It is my firm conviction, brought about by the observation of history, that the dreams of Utopians are far more likely to drag us to hell than to build a better world. From Hitler’s Reich to the terrorism of Bin Laden, many of histories greatest evils have come from the pursuit of the perfect world. Really, Utopianism is a kind of hate. It identifies what I see as the perfect state for human kind, it becomes intoxicated with that vision, and then it cannot help but make that the end of all action, and in so doing come to see any who stand in its way as monsters and sinners. We all hope for a better world, that is our nature, and it is a fine thing to strive for that world, to work at it with sweat and tears, and most of all with love. But, when we try and make that world, to forge it by power, to force it on others for their own good, then we become Utopians and we soon become monsters.
The temptation for the Utopian is the temptation to think that the best way to achieve the ideal human circumstances is through exercising the influence of some strong centralized power, most notably that of government. In general, this view seems to arise from the appeal of efficiency. Where a thousand local agencies might work at cross purposes, sabotaging the formation of Utopia, a single central organization can organize these efforts and thereby seemingly better achieve the goal. However, it is precisely this efficiency that makes the temptation to centralization a liability.
At its heart the problem is the limits of our own knowledge, which in turn leads to a deep moral concern. As is frequently mentioned by moral philosophers, there is a great diversity of moral codes present in the world, ranging, for example, from cultures which practice female circumcism to keep women in their “proper” place to those which view women as equal to men. This doesn’t actually, as some claim, lead to the conclusion that the moral ideal is relative, but it does seem to show that it is very easy to go astray. Mistakes in this area are bad on a local and individual level, leading to ruined lives, but they are devastating when made by a centralized power. It is here that the moral problem comes into to the picture, as in the historical case of Soviet Russia, whose attempt to create a Utopia based on their view of flourishing human life led to the deaths of millions, and to economic damage from which the country is still suffering.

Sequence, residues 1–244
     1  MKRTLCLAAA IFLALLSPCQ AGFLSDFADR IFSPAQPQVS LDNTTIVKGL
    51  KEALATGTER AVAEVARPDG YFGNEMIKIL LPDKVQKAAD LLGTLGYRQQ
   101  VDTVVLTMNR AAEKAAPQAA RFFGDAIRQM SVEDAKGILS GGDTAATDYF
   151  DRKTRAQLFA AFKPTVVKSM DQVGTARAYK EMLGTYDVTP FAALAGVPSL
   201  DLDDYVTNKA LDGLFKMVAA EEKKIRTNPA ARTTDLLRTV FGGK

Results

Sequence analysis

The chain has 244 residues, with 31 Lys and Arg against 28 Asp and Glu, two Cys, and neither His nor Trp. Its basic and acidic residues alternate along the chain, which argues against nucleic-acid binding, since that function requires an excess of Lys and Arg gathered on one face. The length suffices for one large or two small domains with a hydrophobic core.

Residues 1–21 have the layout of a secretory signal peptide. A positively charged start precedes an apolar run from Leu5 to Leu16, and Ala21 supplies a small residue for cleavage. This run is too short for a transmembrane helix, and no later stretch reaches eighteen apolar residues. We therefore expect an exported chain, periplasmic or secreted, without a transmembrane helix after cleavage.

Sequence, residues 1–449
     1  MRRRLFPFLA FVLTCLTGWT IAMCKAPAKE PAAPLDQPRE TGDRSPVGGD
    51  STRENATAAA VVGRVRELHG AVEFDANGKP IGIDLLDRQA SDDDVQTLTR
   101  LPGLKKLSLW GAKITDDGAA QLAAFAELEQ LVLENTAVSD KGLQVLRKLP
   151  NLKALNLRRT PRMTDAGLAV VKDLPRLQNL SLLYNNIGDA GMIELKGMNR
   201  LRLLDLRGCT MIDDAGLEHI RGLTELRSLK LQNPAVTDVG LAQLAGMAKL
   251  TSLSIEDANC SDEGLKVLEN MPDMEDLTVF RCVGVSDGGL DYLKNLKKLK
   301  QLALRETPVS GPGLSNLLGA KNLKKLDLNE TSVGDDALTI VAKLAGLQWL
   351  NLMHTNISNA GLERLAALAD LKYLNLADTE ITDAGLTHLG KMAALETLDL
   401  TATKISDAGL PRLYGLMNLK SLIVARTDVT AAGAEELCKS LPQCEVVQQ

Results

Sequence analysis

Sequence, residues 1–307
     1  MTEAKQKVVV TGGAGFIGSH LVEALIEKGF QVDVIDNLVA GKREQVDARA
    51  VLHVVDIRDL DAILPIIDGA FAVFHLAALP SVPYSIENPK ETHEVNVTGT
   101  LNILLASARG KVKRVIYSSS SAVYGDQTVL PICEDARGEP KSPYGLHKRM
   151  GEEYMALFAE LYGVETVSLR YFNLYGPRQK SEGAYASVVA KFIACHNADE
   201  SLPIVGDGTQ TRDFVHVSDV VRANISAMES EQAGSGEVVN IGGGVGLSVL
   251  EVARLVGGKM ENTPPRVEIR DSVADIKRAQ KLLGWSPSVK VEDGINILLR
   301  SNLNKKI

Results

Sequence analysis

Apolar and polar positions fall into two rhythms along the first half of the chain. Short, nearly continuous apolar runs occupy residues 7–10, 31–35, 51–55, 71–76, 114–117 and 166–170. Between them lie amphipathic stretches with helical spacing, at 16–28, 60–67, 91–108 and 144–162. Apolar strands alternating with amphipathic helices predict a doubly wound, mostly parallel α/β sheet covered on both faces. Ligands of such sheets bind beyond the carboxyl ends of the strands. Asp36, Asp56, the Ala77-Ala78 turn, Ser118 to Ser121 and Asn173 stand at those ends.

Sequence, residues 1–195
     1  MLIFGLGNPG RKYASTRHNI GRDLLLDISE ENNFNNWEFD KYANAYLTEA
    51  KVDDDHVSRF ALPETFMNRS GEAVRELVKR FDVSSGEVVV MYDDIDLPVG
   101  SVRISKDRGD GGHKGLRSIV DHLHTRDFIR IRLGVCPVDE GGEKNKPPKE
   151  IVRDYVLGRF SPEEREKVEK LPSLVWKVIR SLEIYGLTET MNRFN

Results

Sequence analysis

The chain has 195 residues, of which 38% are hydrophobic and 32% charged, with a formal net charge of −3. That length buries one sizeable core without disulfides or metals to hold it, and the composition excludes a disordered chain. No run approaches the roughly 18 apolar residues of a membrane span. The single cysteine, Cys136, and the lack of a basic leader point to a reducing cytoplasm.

Thus, precisely the inefficiency of local attempts to make the world ideal seem to actually make these the ideal case. It is important here to make a distinction between inefficiency and incompetency. Local efforts to build a better world will still ideally make a difference, only doing so more slowly. Those communities which properly understand the good will see their members flourish more, while those which don’t will ultimately run into far more problems. As other communities see the success of the flourishing locality over the others, this will encourage them to adopt similar practices. This is more piecemeal, but it avoids the devastating consequences possible when a mistake is made by centralized power.
This, I argue, is one of many justifications for the distributionist and communitarian state. We cannot afford to build a legal and economic system on the basis of a centralized power that will too easily be co-opted by the machinations of Utopians seeking to make the world a better place… at any cost. In the human world of limited perspective and moral failure, inefficiency is a boon, not a detriment.
Note: Much of what was written here was originally explored by me in a paper for my Metaethics class in the Fall of 2009 (and, hey, I got an A on it, so I must have done something right)